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. Last Updated: 07/27/2016

Khabarovsk Braces for Toxic Pollution

Itar-TassA store employee in Khabarovsk putting up a sign on Thursday indicating that supplies of mineral water had run out.
Russia and China said Thursday that they were setting up a hotline so that Beijing could keep Moscow informed about the toxic river pollution heading for the Khabarovsk region from the Chinese city of Harbin, nearly two weeks after an explosion at a petrochemical plant.

The Federal Service for the Inspection of Natural Resources Use said it feared the pollution would affect drinking water supplies in the region, into which the Songhua River flows several hundred kilometers from Harbin.

China attaches "great importance to the harm and impact this pollution may bring our neighbor Russia," Chinese Foreign Ministry spokesman Liu Jianchao told reporters in Beijing.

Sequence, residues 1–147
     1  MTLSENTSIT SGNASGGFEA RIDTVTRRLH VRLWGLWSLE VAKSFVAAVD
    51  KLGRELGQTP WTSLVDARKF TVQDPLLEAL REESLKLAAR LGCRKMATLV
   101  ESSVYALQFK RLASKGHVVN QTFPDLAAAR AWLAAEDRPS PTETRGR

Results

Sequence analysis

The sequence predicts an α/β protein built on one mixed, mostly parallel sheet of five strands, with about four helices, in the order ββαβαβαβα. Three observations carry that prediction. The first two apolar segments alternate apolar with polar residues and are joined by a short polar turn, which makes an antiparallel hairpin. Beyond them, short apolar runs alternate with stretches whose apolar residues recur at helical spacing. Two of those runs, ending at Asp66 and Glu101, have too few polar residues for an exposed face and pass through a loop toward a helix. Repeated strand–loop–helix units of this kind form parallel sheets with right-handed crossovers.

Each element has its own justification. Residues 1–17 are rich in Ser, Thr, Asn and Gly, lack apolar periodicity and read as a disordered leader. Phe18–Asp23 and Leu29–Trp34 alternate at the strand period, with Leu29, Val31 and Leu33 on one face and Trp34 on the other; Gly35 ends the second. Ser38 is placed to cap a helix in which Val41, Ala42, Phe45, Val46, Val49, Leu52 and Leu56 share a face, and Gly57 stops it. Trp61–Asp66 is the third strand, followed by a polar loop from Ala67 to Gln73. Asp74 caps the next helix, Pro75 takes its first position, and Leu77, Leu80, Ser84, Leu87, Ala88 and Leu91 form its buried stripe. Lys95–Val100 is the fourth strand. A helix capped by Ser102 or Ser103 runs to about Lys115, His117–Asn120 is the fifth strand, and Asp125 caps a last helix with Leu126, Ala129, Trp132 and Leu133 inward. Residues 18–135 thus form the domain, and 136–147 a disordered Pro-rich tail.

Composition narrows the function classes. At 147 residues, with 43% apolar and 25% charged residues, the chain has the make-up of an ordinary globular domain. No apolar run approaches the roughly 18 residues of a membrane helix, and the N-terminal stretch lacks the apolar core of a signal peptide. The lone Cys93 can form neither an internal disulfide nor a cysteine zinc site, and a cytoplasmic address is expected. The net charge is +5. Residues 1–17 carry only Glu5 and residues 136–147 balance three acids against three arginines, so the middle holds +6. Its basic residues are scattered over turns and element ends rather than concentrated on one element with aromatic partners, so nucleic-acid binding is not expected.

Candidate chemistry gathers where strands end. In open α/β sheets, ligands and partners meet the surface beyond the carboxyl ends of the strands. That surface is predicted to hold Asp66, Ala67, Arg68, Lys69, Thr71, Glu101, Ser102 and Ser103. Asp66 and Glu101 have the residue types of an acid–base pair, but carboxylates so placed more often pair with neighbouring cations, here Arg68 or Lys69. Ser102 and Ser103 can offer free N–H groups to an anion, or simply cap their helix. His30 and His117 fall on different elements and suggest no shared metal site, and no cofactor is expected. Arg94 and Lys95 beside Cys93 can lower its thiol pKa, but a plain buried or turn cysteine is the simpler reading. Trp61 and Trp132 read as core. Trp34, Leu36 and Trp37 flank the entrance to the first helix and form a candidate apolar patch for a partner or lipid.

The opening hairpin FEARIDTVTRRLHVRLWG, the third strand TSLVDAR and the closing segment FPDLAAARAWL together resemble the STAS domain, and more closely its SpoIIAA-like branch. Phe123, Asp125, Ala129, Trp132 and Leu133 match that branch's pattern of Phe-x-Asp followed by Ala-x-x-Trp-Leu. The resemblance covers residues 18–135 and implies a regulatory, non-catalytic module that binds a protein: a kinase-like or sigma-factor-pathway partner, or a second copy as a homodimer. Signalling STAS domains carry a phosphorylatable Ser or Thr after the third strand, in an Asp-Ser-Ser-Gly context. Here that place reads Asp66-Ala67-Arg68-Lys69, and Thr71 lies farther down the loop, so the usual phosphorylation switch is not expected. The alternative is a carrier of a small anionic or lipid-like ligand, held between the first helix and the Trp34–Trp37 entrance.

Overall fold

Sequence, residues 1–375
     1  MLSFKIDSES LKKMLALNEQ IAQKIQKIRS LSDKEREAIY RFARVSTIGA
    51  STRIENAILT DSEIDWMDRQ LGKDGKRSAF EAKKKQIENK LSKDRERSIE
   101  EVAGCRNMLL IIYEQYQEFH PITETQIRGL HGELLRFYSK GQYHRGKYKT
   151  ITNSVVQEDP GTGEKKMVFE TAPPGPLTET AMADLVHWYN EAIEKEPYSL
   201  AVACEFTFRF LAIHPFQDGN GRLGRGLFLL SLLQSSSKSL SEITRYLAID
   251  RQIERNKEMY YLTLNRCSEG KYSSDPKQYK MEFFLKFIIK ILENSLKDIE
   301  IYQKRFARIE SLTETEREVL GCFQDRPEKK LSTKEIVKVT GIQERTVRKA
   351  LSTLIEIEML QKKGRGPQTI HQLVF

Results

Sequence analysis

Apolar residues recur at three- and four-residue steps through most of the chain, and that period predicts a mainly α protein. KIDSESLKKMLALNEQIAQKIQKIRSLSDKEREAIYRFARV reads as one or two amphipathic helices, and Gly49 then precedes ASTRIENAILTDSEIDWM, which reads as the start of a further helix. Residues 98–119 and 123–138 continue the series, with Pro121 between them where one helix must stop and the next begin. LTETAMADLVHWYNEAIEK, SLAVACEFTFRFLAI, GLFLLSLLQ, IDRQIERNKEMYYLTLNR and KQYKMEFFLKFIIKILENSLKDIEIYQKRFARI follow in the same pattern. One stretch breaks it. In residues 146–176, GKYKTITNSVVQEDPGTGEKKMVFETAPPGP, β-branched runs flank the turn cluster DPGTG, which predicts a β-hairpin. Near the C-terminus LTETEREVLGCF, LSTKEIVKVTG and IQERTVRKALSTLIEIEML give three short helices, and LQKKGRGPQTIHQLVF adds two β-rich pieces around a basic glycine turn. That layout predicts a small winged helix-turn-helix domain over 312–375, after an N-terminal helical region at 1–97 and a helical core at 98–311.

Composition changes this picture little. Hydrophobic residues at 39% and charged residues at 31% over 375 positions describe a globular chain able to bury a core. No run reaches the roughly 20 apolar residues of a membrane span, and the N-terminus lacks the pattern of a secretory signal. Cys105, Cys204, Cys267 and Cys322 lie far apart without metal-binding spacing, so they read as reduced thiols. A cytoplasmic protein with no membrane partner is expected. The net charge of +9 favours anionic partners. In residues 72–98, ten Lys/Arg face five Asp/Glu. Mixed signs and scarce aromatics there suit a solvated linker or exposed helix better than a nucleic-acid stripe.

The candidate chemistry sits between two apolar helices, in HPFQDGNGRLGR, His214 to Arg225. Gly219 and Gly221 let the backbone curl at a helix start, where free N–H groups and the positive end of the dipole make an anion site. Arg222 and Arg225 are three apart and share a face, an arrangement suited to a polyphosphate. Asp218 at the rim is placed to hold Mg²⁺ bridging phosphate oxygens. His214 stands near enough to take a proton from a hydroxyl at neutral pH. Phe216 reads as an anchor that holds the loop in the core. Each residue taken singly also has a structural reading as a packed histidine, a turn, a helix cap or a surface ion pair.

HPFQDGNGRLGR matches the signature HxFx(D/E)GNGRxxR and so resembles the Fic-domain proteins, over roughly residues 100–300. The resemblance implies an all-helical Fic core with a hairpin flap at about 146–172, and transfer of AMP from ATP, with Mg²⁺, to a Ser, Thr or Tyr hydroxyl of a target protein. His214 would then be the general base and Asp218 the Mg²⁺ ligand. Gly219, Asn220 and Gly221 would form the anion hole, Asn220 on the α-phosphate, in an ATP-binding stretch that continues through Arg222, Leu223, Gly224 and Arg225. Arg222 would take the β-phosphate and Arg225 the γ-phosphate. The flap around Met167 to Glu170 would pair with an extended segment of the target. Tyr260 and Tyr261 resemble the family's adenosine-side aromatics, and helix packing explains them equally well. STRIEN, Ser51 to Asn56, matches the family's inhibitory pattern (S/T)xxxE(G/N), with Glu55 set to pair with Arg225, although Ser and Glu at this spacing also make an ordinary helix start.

Russia's ambassador to China, Sergei Razov, confirmed plans for a hotline but played down the threat to Russia. "The Chinese assume that the contaminated water will reach Russian territory by Dec. 8," Channel One television showed Razov saying after a meeting with Chinese officials. "But by then, for natural reasons, including the fact three major rivers flow into the Sungari, the concentration of harmful substances should go down to normal." In Russia, the Songhua River is called the Sungari.

The Emergency Situations Ministry said tests showed that no dangerous substances had yet reached the Amur River. Underground water sources were being tapped to increase bottled water supplies and deliveries were being made to residents, the ministry said in a statement.

Television newscasts showed shops in Khabarovsk stocking up with extra drinking water and reported that some owners had already raised prices.

Officials were pictured scooping up river water through holes in the ice to test for signs of pollution.